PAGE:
Fortunate Mistakes: An Editorial

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By: Teresa Sarkela –

I was excited to finally purchase my last required book for my last semester of college. However, and embarrassingly enough, it was the wrong one (let alone the fact I ended up reading 27 pages of it before realizing what I had done). My reading assignment is now late, I spent a half hour reading the wrong book, and though I’m out $14, I will not be returning the misfit text.

The pages of this particular book were full of short clips into people’s lives, some struggling with careers, loss, and heat displacement. One character I came across in this compilation was an English widower, who often wandered outside and reflected on the mistakes and missed opportunities of her long life:

“I’d look at the sky and think, if you’re worthless, if you de- spise yourself, but you’re able to see the best, most beautiful things that the world can offer, then you’ll never get there yourself…”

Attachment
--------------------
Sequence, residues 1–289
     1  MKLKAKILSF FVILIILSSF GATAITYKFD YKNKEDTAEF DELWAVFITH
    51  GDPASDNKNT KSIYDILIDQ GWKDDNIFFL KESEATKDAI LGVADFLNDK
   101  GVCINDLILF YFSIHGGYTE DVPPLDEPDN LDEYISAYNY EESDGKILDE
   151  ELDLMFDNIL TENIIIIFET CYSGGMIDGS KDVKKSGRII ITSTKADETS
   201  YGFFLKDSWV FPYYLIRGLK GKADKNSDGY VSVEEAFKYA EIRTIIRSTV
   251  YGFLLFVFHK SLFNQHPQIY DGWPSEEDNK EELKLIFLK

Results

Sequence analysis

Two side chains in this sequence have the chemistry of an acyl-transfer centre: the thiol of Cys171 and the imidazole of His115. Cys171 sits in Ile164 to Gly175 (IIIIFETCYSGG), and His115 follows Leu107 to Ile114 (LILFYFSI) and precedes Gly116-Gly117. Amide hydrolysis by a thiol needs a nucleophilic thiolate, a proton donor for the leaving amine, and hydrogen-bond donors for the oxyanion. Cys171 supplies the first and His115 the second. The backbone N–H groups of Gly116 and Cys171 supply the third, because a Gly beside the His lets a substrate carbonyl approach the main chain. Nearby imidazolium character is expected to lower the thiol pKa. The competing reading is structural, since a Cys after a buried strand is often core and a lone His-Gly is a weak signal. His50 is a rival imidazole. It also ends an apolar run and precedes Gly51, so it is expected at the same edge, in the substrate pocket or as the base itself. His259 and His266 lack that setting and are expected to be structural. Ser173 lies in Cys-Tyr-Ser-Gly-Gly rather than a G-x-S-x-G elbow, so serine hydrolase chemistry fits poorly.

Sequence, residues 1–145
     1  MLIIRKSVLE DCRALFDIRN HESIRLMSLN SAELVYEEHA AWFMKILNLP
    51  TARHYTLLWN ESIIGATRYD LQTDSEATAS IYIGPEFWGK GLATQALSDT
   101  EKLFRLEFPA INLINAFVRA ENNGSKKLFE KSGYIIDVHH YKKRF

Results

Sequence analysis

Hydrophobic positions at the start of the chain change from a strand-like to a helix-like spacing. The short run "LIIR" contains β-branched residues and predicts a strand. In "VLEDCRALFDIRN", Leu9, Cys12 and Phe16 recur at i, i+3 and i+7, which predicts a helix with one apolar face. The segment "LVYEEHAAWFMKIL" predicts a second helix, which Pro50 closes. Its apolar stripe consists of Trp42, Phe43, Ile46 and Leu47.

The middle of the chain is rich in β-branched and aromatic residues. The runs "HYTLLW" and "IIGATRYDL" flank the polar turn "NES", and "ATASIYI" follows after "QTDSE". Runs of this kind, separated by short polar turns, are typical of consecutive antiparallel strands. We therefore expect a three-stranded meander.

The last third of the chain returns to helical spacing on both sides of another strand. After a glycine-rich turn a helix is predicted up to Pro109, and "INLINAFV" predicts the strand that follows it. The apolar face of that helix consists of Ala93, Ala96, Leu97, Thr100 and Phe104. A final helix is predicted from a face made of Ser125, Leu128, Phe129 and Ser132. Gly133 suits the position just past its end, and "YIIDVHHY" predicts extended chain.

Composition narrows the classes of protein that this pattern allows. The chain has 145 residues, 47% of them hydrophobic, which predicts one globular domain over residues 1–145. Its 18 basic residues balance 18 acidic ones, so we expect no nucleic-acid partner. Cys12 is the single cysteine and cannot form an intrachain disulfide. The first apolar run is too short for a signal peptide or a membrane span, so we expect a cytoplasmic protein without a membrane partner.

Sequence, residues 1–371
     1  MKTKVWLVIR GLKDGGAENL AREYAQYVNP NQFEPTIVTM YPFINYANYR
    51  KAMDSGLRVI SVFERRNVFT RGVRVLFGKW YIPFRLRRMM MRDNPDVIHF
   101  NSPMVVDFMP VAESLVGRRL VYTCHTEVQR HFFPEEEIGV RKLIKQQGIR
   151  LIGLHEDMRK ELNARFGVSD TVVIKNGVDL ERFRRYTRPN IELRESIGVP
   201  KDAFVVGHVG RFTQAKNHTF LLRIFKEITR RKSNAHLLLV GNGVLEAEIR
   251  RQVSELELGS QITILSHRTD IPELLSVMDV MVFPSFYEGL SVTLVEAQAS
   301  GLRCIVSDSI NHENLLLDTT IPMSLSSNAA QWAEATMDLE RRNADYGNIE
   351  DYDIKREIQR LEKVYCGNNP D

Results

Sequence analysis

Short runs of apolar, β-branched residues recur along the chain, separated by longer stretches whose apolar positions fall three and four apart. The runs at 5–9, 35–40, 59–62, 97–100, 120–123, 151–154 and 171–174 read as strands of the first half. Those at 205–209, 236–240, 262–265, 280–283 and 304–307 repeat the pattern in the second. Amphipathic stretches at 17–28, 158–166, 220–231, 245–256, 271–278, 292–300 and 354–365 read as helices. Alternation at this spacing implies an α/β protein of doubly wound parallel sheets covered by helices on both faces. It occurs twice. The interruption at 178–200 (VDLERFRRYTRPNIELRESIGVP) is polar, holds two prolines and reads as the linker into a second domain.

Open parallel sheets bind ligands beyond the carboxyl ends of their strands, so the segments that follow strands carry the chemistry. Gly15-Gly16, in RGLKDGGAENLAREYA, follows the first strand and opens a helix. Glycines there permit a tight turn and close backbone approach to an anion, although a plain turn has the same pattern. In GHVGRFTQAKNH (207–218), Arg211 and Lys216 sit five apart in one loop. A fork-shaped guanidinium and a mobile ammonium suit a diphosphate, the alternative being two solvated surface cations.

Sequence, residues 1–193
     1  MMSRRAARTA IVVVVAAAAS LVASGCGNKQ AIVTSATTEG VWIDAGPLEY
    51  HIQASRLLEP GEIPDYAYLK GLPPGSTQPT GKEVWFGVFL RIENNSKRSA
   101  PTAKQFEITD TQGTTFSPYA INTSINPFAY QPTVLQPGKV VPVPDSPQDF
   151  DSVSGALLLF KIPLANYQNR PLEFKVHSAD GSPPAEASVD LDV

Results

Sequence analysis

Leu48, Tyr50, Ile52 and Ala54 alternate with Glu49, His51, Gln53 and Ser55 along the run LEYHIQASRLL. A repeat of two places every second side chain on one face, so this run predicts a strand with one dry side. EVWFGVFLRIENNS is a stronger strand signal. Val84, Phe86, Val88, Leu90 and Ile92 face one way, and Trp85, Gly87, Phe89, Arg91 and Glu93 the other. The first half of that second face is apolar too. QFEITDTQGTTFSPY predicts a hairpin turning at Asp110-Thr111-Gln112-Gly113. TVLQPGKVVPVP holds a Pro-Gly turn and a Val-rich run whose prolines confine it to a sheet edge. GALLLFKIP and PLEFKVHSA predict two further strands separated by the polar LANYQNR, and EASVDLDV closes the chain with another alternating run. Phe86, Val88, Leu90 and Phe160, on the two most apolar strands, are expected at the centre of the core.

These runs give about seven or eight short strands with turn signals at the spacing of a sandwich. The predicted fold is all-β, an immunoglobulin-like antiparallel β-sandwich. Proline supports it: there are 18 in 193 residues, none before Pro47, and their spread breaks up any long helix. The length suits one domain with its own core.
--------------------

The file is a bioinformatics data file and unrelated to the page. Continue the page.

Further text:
If we dwell on what we have failed at, whether it was a missed job opening, bad test, or wrong book purchase, we may miss an incredible opportunity to gain an unexpected perspective. Though they may be embarrassing or even emotionally scarring,
I have learned it is easier to admit mistakes with acceptance and laughter rather than curl up in them. I consider it a fortunate failure that I grabbed the wrong book and met this little English widow: a reminder that sometimes when we make small mistakes, we are led to big accomplishments.

I now intend to keep the misfit, irreplaceable book tucked neatly on my rickety, made-from-scratch bookshelf.


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